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Saturday, March 2, 2024
March 2, 2024

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Brent vies for Port of Vancouver seat held by Orange

Port commissioner candidates, Columbian Editorial Board meet and discuss issues

By , Columbian staff writer
Published:
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(Photo contributed by the Don Orange Campaign)
(Photo contributed by the Don Orange Campaign) Photo Gallery

Local businessman Russell Brent is vying to unseat Port of Vancouver Commissioner Don Orange. Both men share a similar goal — economic development. But in a recent Columbian Editorial Board meeting, the two debated port transparency, green jobs and how to get people more interested in the port.

Before trying their hands at local politics, Brent and Orange ran small businesses in the community. Brent owned the Mill Creek Pub in Battle Ground, while Orange ran an auto repair business in Vancouver.

Brent said he has a passion for consensus building, something that has inspired him in his run for the commissioner position.

“The port is a great example of a company — a jurisdiction — that has incredible resources to help build jobs and to make the community a better place for all of us to live,” Brent said.

Orange, meanwhile, was inspired to run for his position in 2017 when an oil terminal was proposed at the Port of Vancouver.

“My view of my own role is to develop economic development that is environmentally friendly,” Orange said. He pointed to growth in the port’s budget and number of employees since he took office six years ago.

Transparency, community interest

During the meeting, Brent raised an issue he’s heard mentioned on the campaign trail — transparency. Still, he said port staff have always answered his questions.

“They’ve been very forthright, and they’ve allowed me to drill down to get deeper and to understand what’s going on at the port,” Brent said.

Brent said one key component of maintaining transparency is in asking the right questions and not “just going along with everything that’s being said.”

“Asking the real tough questions, I think, is a very important piece of being a commissioner,” he said.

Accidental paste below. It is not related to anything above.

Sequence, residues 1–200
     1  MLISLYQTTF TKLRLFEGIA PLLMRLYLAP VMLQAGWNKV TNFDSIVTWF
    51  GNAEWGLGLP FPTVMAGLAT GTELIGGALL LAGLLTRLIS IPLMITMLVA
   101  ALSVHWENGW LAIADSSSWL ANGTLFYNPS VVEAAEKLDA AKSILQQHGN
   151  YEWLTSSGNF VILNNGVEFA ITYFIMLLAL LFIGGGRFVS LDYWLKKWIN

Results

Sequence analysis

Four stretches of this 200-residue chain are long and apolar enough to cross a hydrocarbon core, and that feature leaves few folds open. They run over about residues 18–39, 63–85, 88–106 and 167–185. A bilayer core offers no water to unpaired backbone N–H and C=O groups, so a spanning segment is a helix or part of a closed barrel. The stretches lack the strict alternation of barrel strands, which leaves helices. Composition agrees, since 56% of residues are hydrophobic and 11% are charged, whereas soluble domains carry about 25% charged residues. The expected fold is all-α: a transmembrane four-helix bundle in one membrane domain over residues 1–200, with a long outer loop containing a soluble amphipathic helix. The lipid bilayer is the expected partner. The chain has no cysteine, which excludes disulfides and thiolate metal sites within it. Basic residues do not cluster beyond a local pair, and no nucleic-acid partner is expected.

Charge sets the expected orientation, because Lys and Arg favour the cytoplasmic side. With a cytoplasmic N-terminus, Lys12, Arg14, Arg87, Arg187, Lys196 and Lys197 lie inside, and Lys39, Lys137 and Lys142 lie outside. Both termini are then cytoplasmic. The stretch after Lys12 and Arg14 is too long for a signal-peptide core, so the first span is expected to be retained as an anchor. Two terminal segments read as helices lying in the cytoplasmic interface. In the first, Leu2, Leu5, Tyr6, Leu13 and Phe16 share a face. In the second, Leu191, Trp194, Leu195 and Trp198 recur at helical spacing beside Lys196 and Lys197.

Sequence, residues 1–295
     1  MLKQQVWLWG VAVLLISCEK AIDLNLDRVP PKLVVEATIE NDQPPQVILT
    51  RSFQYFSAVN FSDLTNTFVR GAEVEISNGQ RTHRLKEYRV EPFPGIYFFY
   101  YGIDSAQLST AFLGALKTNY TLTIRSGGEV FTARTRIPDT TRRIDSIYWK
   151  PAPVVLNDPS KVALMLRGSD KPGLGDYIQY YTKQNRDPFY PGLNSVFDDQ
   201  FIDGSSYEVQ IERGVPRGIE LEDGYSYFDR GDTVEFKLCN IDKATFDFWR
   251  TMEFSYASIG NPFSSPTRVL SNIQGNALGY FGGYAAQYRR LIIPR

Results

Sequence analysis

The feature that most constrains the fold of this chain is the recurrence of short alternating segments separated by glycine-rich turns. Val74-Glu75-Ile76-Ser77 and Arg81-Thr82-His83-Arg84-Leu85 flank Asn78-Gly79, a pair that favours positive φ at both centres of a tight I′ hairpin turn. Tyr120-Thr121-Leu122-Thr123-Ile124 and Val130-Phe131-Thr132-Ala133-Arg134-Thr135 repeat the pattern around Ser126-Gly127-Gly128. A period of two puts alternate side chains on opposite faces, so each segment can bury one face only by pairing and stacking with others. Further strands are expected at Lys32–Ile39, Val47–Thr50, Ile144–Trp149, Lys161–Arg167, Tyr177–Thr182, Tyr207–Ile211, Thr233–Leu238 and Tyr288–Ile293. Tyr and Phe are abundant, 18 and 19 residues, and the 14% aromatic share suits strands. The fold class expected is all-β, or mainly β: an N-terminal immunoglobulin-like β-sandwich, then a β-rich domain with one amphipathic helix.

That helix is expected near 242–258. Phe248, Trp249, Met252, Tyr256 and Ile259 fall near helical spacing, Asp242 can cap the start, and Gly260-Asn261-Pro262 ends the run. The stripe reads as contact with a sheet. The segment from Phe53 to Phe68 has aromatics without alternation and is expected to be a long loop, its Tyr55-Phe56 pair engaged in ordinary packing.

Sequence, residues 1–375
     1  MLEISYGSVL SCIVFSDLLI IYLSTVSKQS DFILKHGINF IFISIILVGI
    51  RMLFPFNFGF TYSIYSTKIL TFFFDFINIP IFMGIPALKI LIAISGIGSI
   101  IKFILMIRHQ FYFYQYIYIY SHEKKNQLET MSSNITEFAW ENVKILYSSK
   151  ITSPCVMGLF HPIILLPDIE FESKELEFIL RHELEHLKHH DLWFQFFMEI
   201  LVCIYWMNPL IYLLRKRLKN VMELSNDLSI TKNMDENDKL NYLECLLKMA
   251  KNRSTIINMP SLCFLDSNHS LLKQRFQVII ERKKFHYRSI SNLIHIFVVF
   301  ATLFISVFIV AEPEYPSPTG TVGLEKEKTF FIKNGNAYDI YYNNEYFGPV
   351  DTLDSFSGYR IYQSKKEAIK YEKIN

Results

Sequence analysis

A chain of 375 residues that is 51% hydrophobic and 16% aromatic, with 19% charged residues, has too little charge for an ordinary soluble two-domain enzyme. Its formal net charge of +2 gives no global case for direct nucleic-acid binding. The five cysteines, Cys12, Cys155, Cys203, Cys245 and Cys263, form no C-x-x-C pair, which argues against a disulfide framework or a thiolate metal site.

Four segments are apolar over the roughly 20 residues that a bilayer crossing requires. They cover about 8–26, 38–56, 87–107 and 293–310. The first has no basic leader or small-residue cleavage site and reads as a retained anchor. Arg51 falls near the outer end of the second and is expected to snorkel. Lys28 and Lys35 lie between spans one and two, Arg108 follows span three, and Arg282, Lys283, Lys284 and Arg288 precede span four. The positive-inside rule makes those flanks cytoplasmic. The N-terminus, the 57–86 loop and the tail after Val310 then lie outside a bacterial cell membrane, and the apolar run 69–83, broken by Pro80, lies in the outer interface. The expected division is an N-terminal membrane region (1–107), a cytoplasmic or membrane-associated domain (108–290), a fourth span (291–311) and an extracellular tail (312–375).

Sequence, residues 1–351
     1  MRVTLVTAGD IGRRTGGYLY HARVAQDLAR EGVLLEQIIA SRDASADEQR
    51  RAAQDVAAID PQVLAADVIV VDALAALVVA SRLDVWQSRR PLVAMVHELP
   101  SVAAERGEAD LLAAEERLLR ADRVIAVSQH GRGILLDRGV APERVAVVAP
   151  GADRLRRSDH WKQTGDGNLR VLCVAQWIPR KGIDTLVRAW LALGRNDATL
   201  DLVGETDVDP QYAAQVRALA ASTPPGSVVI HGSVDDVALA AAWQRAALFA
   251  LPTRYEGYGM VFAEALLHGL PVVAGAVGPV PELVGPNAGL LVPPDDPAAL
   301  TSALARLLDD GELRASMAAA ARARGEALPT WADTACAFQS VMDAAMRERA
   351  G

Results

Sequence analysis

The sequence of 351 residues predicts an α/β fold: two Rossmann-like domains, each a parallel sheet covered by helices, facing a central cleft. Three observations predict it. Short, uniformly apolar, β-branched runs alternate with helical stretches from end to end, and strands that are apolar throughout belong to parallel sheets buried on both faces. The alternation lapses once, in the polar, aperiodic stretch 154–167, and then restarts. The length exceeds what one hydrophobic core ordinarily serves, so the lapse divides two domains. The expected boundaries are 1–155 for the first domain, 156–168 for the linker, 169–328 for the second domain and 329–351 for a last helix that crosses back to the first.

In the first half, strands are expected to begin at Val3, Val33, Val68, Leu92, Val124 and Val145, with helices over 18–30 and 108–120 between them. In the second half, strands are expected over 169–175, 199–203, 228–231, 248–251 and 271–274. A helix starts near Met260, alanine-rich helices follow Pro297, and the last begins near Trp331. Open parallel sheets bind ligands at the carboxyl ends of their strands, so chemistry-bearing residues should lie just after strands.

“The issue of transparency that comes up is legitimate,” Orange said. However, he said he couldn’t talk about all the port was doing economically because it’s confidential.

When asked about this tension between confidentiality and transparency, Orange pointed to public awareness.

“To a great extent, a problem with relating to the public is getting the public interested in the port,” the commissioner said. He didn’t pay much attention to the port before hearing about the oil terminal, he said, that prompted him to run for office.

Orange called low voter turnout a disaster. He went on to point out how few people go to the Port of Vancouver’s commission meetings.

“To get folks to take a hard look at (the port) — to want to know — is difficult,” Orange said.

Brent praised the port’s communications team but said the port has “to do a better job marketing itself.”

He said he viewed The Columbian as having “a valuable role in making that transparency happen.”

Green jobs

Both Brent and Orange pointed to environmental projects during the editorial board meeting.

Orange said the port already has a great environmental team and a tough climate action plan the agency is working to meet.

“What we need to do to a great extent is green the jobs we’ve got,” Orange said. He specifically mentioned difficulties in lessening the pollution from employees who commute to the port.

Brent said he thinks the port is already working toward making its current workforce green with the climate action plan. He added that more local manufacturing jobs in Clark County could be generated through building facilities for green projects, such as marine wind turbines or battery storage.

“We need to take a look at those opportunities to use our existing facilities to attract green jobs,” Brent said. “There’s lots of opportunity.”

Orange countered by saying he thinks domestic green energy manufacturing will happen, but in the Midwest.

“The amount of transmission that we have available to get electricity from the east side of Washington to the west is a serious issue,” Orange said.

During last week’s meeting, the men also touched on their visions for the port’s Terminal 1 and Terminal 5, the port’s role in the Interstate 5 Bridge replacement and the future of the community.

At one point during the meeting, Orange accused Brent of including a fake union label on his campaign sign, which Brent then apologized for and said he planned to rectify the error.

View the full editorial board meeting video at Columbian.com.

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